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Micmacs (2010) – Jean Pierre-Jeunet (Amelie) returns from a prolonged directorial absence, 5 years, with this quirky piece of creative fluff.  Bazil (Dany Boon) looses his father in childhood to a landmine.  As an adult he suffers a bullet to the head during a criminal getaway.  It remains lodged in his head and could kill him at any moment.  One day he discovers that the makers of the landmine and the bullet are neighboring arms manufacturers, both run by vile, amoral business scumbags.  He sets out with a group of landfill living crusaders to turn the companies on each other in what is mostly a lighthearted revenge fable.  Jeunet’s innovative camera work and playful sense of fun work overtime here.  Boon has the clever physicality of Chaplin but only uses it in small doses.  It’s a fun lark of a movie but for Jeunet it feels like a minor work, something to get him back in the swing of things until a more ambitious project comes around.  Worth seeing though.

Collapse (2009) – Michael Ruppert stares into the camera and tells us that bad hasn’t even started yet.  Michael believes that the world as it currently functions is doomed.  And it’s not a matter religious fundamentalism or corrupt morality that will destroy us, its simple math, physics and time.  Nearly every single product produced uses oil in some form or fashion in its creation or transportation to market.  Oil is finite.  The moment of peak oil has passed.  It will run out sooner rather than later.  Once that happens, shit hits the fan on a scale that no one wants to imagine.  Hard logic to argue with.  Human ingenuity don’t fail us now.  If Ruppert is wrong we’ll go along on our road bump laden way and look back at him as just another roadside prophet preaching doomsday.  If Rupert is right start watching Mad Max movies for survival tips ASAP.  Ruppert’s best tip?  Buy organic seeds.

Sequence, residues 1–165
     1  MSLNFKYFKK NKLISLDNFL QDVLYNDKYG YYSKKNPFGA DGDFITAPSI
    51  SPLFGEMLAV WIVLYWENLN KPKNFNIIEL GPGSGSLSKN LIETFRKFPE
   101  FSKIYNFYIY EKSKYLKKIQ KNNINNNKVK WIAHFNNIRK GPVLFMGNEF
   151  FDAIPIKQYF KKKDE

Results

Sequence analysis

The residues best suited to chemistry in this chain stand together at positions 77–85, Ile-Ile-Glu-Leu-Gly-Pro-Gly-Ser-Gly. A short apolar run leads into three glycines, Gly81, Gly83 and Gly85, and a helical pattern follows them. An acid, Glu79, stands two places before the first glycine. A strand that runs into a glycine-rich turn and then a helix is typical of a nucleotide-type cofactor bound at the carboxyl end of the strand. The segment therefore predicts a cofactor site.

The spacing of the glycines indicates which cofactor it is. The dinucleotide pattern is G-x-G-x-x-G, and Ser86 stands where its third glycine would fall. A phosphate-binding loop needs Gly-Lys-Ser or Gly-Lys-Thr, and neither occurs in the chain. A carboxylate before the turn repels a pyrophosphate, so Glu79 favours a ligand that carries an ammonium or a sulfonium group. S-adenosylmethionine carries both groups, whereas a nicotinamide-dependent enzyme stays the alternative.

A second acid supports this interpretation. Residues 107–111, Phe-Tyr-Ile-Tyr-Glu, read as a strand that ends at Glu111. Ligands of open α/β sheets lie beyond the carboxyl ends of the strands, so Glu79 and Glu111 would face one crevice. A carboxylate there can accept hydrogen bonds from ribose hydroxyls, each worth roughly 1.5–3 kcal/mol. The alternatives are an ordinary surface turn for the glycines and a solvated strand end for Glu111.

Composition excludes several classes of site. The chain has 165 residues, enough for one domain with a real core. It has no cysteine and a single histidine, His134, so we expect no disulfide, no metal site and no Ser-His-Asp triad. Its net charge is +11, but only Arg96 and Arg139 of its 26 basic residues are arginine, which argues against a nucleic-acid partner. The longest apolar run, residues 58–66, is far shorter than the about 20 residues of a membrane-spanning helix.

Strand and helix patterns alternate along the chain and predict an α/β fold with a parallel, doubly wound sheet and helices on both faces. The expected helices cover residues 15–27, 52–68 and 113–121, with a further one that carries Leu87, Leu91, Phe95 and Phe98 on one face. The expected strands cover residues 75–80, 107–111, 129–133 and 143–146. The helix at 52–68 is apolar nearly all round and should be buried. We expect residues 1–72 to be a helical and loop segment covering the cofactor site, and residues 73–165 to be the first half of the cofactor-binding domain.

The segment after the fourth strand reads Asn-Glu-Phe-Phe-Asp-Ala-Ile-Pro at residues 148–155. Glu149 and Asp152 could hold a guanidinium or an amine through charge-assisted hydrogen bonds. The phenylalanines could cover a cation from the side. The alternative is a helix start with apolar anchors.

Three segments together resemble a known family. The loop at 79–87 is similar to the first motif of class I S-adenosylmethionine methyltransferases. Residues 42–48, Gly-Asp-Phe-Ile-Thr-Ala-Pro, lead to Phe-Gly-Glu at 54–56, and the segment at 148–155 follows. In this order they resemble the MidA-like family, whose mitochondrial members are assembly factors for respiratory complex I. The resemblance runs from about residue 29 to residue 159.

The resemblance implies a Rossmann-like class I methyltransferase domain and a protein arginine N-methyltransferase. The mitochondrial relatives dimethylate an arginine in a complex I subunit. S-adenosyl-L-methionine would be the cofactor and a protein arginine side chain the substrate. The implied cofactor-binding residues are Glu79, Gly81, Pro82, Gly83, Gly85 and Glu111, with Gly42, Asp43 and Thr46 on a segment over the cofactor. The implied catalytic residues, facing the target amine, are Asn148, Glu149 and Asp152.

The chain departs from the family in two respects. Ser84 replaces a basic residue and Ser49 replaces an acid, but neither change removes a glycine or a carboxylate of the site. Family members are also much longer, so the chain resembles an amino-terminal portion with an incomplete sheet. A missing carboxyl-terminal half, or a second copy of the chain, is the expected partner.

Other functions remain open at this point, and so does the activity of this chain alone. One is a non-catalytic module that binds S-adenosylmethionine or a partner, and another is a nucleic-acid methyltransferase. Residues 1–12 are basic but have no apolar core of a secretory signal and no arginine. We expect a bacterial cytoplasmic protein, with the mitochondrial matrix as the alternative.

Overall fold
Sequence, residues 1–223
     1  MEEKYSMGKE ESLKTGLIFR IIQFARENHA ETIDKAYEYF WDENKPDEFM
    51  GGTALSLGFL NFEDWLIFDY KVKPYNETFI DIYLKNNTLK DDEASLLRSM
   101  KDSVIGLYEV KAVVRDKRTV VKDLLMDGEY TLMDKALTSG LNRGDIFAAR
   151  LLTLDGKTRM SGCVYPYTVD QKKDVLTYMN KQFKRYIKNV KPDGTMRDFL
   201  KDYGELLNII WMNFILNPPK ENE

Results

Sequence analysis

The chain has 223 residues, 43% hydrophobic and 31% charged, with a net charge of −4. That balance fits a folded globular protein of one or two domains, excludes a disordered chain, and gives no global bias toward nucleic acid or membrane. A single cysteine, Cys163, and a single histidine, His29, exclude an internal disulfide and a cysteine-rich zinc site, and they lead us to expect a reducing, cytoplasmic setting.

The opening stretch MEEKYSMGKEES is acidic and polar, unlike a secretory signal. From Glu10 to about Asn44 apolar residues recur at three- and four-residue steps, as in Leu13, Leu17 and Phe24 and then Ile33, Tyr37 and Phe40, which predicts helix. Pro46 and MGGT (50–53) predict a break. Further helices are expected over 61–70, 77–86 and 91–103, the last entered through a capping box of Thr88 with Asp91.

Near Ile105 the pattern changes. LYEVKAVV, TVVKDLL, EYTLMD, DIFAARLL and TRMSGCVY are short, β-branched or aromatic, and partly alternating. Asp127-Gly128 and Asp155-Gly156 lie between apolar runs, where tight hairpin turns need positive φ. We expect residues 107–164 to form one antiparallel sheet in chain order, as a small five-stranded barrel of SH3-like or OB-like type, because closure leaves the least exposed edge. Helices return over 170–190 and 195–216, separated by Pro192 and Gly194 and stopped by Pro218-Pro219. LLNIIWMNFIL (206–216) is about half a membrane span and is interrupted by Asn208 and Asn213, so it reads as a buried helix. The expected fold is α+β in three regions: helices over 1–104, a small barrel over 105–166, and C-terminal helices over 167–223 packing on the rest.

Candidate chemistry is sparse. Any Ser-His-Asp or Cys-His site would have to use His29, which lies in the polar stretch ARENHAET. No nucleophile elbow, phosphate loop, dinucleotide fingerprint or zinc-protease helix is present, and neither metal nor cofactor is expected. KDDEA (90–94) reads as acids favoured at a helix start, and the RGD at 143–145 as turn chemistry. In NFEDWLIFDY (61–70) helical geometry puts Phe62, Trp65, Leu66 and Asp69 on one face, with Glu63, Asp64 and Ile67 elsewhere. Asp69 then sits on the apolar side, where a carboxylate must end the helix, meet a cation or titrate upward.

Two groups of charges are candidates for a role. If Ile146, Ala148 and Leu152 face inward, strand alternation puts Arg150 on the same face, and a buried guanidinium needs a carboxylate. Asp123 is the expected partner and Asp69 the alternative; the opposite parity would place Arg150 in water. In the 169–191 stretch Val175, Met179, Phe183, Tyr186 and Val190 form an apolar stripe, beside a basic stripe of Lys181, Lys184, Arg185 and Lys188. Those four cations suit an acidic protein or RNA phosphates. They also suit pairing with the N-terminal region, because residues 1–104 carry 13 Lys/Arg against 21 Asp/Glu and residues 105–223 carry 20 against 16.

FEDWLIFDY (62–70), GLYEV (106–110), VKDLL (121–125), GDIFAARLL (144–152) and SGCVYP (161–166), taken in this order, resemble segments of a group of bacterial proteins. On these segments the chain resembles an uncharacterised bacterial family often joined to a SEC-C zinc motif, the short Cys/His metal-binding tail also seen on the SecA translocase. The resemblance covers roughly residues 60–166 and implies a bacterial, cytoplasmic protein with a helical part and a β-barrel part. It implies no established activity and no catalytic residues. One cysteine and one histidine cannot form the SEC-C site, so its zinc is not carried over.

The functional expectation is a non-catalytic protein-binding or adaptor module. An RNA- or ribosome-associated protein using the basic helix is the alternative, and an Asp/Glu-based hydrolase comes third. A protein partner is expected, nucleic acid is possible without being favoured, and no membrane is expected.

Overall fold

Machete (2010) – Here’s the problem making films rooted in the aesthetic of 70’s exploitation trash, they mostly suck and emulating them without the lens of reinterpretation, Tarantino, or parody, Black Dynamite, is a fool’s errand.  For every inspired chuckle or bit of lunacy that works there are miles of celluloid totaling scores of films that just sit there and bore you to death with their listless lack of talent.  Machete wants to be one of those movies and that’s what it is.  It’s a silly bit of garbage that thinks because it’s garbage that everything is fine.  But it’s not, it’s just garbage.  And it’s made by Robert Rodriguez who usually makes garbage anyway, but here he’s trying to make fun garbage but since he’s always trying to do that, and rarely succeeding, why would he succeed here?  Meat faced role player Danny Trejo finally gets his shot at leading a film but it was better as an idea than an actuality.  Trejo imparts very little charm or presence in a flatly written part that requires him to be stoic and stab people.  This opportunity for overcooked slaughtering of racist dirt bags and their immigrant victims gets boring fast.  In Grindhouse it worked great as a 2 minute gag preview, all those bits are here, but as a full blown movie it’s a chore.  It’s one note, overlong, intentionally but unamusingly stupid and it’s first 5 minutes are about all that’s worth watching.  For schlock fans only.


The A-Team (2010) – Misplaced nostalgia strikes again.  Bombastic and tiresome action rehash of semi-iconic 80’s TV show works hard but achieves little.  It’s almost a shame because the cast was game and there was something resembling chemistry between these guys.  Neeson, Cooper, Copley and the Ultimate Fighter guy all seem invested in this goofy shit.  A smartly written, less transparent film would’ve helped too.  A giggle sneaks through here and there but this ADD addled film is in a constant state of roid rage.  It’s a sense of impatience with itself and silly eagerness to blow shit up that keeps A-Team from being fun.



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